Developmental coordination disorder in children: towards a more precise evaluation of the clinical picture and the underlying mechanisms


Developmental coordination disorder (DCD) is one of the most prevalent developmental disorders in school-age children (prevalence rate 5%). According to recently published interdisciplinary clinical practice guidelines, DCD is defined as movement skill performance below expected levels given the child’s chronological age. Furthermore, the disorder must significantly interfere with activities of daily living or academic achievement and the impairment should not be explainable by a medical or neurological disorder.

Recent studies suggest that DCD children show underlying deficits in visual-motor translation of movements, adaptive postural control, and visuomotor learning.
The guidelines point to major gaps in the current research agenda. In particular, the significance of motor overflow, motor abilities, perceptual functions, visuomotor learning and brain plasticity processes remains unclear and requires further investigations with reliable quantitative methods and measures.

We hypothesize that children with DCD show more motor overflow and poorer motor abilities than healthy controls. Consequently, these measures may be used as indicators of the severity of DCD. Furthermore, we suggest that different subtypes of DCD can be identified on the basis of motor and cognitive functions. We will also examine the contributions of different forms of visuomotor learning (model-based adaptation and model-free skills) in order to understand the underlying mechanisms of DCD.
In fact, we speculate that impaired motor adaptation (i.e., poor modification of learned movements in response to changes of the environment) is an important mechanism of DCD. The impairment of motor adaptation may be related to compromised neural plasticity processes (as measured by the EEG power in specific frequency bands of the waking EEG). Thus, children with DCD may show differences in EEG markers of neural plasticity in the brain regions involved in motor adaptation compared to healthy control children. 

A sample of 120 children with suspected DCD and 120 healthy controls between 7 – 9 years will be examined with standardized and reliable test instruments: the Movement-ABC (movement skill performance), the Zurich Neuromotor Assessment (motor overflow and abilities), the Wechsler Intelligence Scale for Children (fluid intelligence), and the Developmental Test of Visual Perception. To examine visuomotor learning and brain plasticity processes, a subsample of 30 children with suspected DCD and 30 healthy controls will perform a visuomotor learning task with baseline and rotation condition including adaptation learning. In addition, simultaneous EEG recordings of the waking EEG will be acquired that allow the study of brain topography.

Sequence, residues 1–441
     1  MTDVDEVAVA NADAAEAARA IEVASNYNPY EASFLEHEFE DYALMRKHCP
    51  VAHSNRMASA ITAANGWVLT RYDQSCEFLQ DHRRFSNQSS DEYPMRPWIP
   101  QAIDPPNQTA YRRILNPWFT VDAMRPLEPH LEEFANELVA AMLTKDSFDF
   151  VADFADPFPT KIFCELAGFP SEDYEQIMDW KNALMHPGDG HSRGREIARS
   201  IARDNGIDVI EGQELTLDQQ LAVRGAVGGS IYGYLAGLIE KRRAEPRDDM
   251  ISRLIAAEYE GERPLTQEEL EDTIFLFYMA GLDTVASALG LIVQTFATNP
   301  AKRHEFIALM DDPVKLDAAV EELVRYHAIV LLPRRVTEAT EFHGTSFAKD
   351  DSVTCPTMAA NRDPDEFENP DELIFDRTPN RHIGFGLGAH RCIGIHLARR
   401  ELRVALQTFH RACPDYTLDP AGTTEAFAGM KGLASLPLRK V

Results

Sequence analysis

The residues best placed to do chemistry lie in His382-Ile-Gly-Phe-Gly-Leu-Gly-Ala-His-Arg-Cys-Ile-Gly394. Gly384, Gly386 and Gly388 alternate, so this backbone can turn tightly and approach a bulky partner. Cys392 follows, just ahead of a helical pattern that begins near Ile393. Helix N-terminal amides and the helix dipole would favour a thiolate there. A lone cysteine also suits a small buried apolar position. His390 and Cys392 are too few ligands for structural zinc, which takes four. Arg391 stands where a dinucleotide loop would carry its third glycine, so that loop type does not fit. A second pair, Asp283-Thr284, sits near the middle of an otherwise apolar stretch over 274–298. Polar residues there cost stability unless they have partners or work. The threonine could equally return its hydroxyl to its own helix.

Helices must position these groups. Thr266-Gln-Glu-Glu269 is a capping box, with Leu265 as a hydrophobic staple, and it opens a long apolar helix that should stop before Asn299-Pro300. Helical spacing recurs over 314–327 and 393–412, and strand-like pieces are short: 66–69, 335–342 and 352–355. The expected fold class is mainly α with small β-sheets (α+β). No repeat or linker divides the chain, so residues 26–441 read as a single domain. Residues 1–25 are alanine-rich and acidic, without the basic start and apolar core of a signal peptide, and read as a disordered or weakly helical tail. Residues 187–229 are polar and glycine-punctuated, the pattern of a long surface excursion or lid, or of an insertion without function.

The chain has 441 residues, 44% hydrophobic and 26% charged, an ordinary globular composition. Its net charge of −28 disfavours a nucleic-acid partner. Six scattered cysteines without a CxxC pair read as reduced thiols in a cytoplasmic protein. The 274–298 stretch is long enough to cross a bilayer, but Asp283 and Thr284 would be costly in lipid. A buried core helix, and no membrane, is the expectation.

The project will include classical statistical analyses such as correlations between various outcome measures, more sophisticated methods such as dimension reduction techniques and clustering methods, and up to date topographic EEG spectral analysis. We propose novel and original approaches for a more precise evaluation of DCD and for understanding basic disorder mechanisms (i.e., visuomotor learning and brain plasticity processes) by using up to date statistical techniques, applying a model of two different processes of motor learning and recording simultaneous brain activity with state of the art neuroimaging techniques.

The project may provide new insights into the mechanisms of DCD, one of the most frequent developmental disorders during childhood.

Début du projet: 
Octobre, 2014
Fin du projet: 
Septembre, 2017
Co-requérants du projet (IUMSP): 
Personne de contact (IUMSP): 
Requérant principal ou responsable du projet (non IUMSP): 
Jenni Oskar Gian
Co-requérants du projet (non IUMSP): 
Kakebeeke Tanja; Huber Reto
Domaines et mots clés: 


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